Interesting Facts about the Violin
The Violin is Born
It is generally thought that the first violin is said to have come out of the 16th century when a man named Andrea Amati, based in Cremona, Italy was tasked with building a lighter alternative to the then popular lyre, thus the violin was born. Amati is also credited as the founder of the Cremonese School of Violin Making, it was here that the famous luthier Antonio Stradivari learned his craft. He became famous for his new designs and altercations, he did these using Amati’s original design, one that visually hasn’t seen much change since.
Players of all Ages
People from all ages can get their hands on a violin and start learning to play, as such they come in a great variety of sizes to suits ones needs. For example, did you know that you can even get one in size 1/64? This size is great for those at the age of say 2 or 3 that want to start nice and early (clearly all that Mozart in the womb worked). It may sound ridiculous but child prodigy Akim Camara was only 3 years old when he played on stage with Andre Rieu himself, that’s quite a feat.
From Little to Large
Like I say, violins come in a vast array of different sizes, and it’s not just the children that can benefit from this, even the sturdiest of giants can find the violin to suit their needs. The world’s largest playable violin stands at an impressive 4.27 metres high whilst measuring at 5.22 metres in width. This colossal instrument was built by a dedicated team of fifteen luthiers from Markneukirchen in Germany. The sound it produces is much lower than that of a standard violin, three times lower to be precise.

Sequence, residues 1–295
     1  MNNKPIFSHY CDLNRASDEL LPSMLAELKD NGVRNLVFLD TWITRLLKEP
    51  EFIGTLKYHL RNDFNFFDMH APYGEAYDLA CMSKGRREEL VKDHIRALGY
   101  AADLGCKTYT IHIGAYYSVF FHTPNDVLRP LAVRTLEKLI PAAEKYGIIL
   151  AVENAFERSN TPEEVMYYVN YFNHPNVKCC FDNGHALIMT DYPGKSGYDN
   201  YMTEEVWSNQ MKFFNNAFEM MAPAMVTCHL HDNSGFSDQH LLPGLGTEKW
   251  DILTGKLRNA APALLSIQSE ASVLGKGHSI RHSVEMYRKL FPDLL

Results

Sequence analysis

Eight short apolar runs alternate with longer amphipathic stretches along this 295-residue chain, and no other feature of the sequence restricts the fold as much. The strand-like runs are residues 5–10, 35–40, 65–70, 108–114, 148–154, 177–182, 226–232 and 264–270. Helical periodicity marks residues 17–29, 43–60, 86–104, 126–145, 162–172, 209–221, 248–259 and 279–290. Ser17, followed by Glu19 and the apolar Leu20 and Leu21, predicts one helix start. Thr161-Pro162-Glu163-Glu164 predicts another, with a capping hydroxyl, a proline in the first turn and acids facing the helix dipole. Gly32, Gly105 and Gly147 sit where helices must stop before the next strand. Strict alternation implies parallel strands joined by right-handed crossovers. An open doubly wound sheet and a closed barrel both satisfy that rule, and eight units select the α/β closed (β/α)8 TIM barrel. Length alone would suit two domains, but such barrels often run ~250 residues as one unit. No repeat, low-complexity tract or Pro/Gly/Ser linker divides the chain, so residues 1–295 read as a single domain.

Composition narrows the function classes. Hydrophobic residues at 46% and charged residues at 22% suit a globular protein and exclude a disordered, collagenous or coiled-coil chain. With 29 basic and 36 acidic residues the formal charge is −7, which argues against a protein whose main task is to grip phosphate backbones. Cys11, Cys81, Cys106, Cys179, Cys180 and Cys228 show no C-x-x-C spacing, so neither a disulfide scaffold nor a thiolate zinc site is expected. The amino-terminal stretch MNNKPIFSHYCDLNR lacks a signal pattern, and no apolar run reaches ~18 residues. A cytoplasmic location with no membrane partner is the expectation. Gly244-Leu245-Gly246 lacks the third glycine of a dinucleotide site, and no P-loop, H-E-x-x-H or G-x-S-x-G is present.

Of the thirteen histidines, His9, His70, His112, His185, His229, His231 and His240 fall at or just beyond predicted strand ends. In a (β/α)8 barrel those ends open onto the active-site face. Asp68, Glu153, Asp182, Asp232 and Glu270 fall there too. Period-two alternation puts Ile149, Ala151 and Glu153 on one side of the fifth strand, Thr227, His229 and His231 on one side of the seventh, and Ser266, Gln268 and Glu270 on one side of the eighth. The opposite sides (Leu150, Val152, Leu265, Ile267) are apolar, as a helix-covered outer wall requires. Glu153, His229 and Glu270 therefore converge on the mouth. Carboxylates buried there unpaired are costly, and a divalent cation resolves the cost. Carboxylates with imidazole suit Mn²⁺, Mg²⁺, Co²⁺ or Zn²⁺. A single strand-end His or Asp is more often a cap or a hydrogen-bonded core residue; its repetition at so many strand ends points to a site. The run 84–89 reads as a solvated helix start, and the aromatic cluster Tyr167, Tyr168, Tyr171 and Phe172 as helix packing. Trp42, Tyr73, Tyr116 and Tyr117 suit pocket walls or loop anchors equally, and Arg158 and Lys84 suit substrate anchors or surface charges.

Get Fit Whilst You Play
Learning the violin may be a great pursuit of your time but you can’t help but feel like it takes up too much of that time, especially when it comes to trying to keep fit, maybe going for a run or hitting the gym. Fear not though, studies have shown that playing the violin is a workout in itself, supposedly the average player will burn somewhere around 175 calories per hour. So, more practise won’t just help you get better at playing, it’ll help you to keep healthy and active too.
Worth Their Weight in Gold
By now you probably know that the violins aren’t exactly the cheapest instrument on the market, especially those of a better quality. Though those mere hundreds your forked out to get started will seem like a drop in the ocean compared to the world’s most expensive violin. The Lady Blunt is a violin made in 1721, it’s a Stradivarius violin named after the granddaughter of Lord Byron and still in perfect condition. It was recently sold in a charity auction, raising funds for the victims of the Japanese tsunami in 2011 and it fetched an incredible £9.3 million. The lesson here is to take care of your instruments folks!